Today Is For Remembering the Sacrifice

Death. We don’t like the word, and for good reason. Death was never supposed to be a fact of life. It was nowhere in God’s original purpose for His creation. It came about through rebellion against His love.

Jesus wept at the tomb of Lazarus even though He knew He was going to bring him back to life. Why? Because death is unnatural, a disruption of the good God intended.

On Good Friday, Jesus took the first step in reversing the curse brought about by sin, but He had to do it through death—His own.

Anyone who studies the mechanics of crucifixion can’t help but shudder at the horribleness of it.

Yet Jesus voluntarily subjected Himself to that horror. And He did it for me and for you.

Today is for remembering the sacrifice. It’s for grasping the enormity of what He had to do to offer us redemption. It’s for being grateful.

Grateful is really too mild a word for how we should feel. “O, the Deep, Deep Love of Jesus” are the words of a solemn hymn. That deep love should awaken in us a deep love in response.

In all these things we are more than conquerors through Him who loved us.

For I am convinced that neither death nor life, neither angels nor demons, neither the present nor the future, nor any powers, neither height nor depth, nor anything else in all creation, will be able to separate us from the love of God that is in Christ Jesus our Lord.

The Lamb of God Who Takes Away the Sins of the World

The words of this song by Twila Paris, combined with the haunting beauty of the melody, have always affected me greatly. While some may think this is more appropriate for Good Friday, I think it is a proper Easter offering as well, as we consider the new life Jesus promises through His sacrifice. Easter celebrates what He did two days before. Please read these words carefully, meditatively, then play the short video of this song that follows. It should lead you from deep grief over sin to an even deeper appreciation of what God has done for you. May this be your most blessed Easter ever.

Your only Son, no sin to hide
But You have sent Him from Your side
To walk upon this guilty sod
And to become the Lamb of God

Your gift of love, they crucified
They laughed and scorned Him as He died
The humble King, they named a fraud
And sacrificed the Lamb of God

Oh, Lamb of God, sweet Lamb of God
I love the holy Lamb of God
Oh, wash me in His precious blood
My Jesus Christ, the Lamb of God

I was so lost, I should have died
But You have brought me to Your side
To be led by Your staff and rod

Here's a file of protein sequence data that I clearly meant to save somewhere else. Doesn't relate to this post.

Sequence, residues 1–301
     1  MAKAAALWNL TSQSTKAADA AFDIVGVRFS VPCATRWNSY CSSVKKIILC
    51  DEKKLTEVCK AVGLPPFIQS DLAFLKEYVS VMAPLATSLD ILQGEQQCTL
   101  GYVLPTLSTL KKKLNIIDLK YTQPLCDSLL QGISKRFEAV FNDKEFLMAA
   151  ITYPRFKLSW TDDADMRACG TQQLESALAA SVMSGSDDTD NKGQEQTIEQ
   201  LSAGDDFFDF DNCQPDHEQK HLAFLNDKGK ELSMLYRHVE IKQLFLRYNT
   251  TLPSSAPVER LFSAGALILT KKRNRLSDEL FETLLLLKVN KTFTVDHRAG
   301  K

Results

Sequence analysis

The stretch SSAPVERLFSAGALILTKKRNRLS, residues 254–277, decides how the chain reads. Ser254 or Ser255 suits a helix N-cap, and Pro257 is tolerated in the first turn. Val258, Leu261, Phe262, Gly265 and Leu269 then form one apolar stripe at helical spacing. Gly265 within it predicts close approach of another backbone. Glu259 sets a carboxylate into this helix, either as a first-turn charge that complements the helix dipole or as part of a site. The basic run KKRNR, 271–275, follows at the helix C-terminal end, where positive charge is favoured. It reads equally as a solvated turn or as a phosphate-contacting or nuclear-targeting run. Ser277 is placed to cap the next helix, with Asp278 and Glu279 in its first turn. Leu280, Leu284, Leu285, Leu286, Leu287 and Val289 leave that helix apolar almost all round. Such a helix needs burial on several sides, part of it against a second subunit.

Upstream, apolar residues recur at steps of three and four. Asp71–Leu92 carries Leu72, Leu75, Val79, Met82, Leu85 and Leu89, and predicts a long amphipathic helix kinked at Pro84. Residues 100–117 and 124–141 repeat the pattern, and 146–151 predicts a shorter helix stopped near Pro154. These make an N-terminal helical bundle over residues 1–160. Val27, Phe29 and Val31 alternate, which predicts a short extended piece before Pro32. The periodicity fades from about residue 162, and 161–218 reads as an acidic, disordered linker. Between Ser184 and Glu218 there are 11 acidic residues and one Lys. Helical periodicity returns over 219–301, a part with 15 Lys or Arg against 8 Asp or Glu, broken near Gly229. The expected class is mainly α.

And to be called a lamb of God

Oh, Lamb of God, sweet Lamb of God
I love the holy Lamb of God
Oh, wash me in His precious blood
My Jesus Christ, the Lamb of God

Oh, wash me in His precious blood
My Jesus Christ, the Lamb of God

Good Friday

Crucifixion & Resurrection

Thank you, Jesus, for willingly laying down your life for a people who don’t deserve your love.

What Kind of Love Is This?

On this Easter weekend, we think about why Jesus would subject Himself to the horrors of crucifixion. What kind of love is this, that God would decide to suffer such humiliation and pain, both physical and spiritual? And for whom? A race of people who thumb their noses at His love? A humankind that cares more about selfish interests than God and one another? Yes, those are the ones for whom He died. It’s hard to grasp. There must be something about our inherent value that led Him to do this. C. S. Lewis writes of this love that somehow looks beyond our selfishness and sees what we are supposed to be—a love that believes we are, for some reason, important:

If individuals live only seventy years, then a state, or a nation, or a civilisation, which may last for a thousand years, is more important than an individual. But if Christianity is true, then the individual is not only more important but incomparably more important, for he is everlasting and the life of a state or a civilisation, compared with his, is only a moment.

The Crucifixion

From the sixth hour until the ninth hour darkness came over all the land. About the ninth hour Jesus cried out in a loud voice, “My God, my God, why have You forsaken Me?”

And when Jesus had cried out again in a loud voice, He gave up His spirit. At that moment the curtain of the temple was torn in two from top to bottom. The earth shook and the rocks split.

The tombs broke open and the bodies of many holy people who had died were raised to life. They came out of the tombs, and after Jesus’ resurrection they went into the holy city and appeared to many people.

When the centurion and those with him who were guarding Jesus saw the earthquake and all that had happened, they were terrified, and exclaimed, “Surely He was the Son of God!”

As evening approached, there came a rich man from Arimathea, named Joseph, who had himself become a disciple of Jesus. Going to Pilate, he asked for Jesus’ body, and Pilate ordered that it be given to him.

Joseph took the body, wrapped it in a clean linen cloth, and placed it in his own new tomb that he had cut out of the rock. He rolled a big stone in front of the entrance to the tomb and went away.

The next day, the one after Preparation Day, the chief priests and the Pharisees went to Pilate. “Sir,” they said, “we remember that while he was still alive that deceiver said, ‘After three days I will rise again.’ So give the order for the tomb to be made secure until the third day. Otherwise, his disciples may come and steal the body and tell the people that he has been raised from the dead. This last deception will be worse than the first.”

“Take a guard,” Pilate answered, “Go, make the tomb as secure as you know how.” So they went and made the tomb secure by putting a seal on the stone and posting the guard.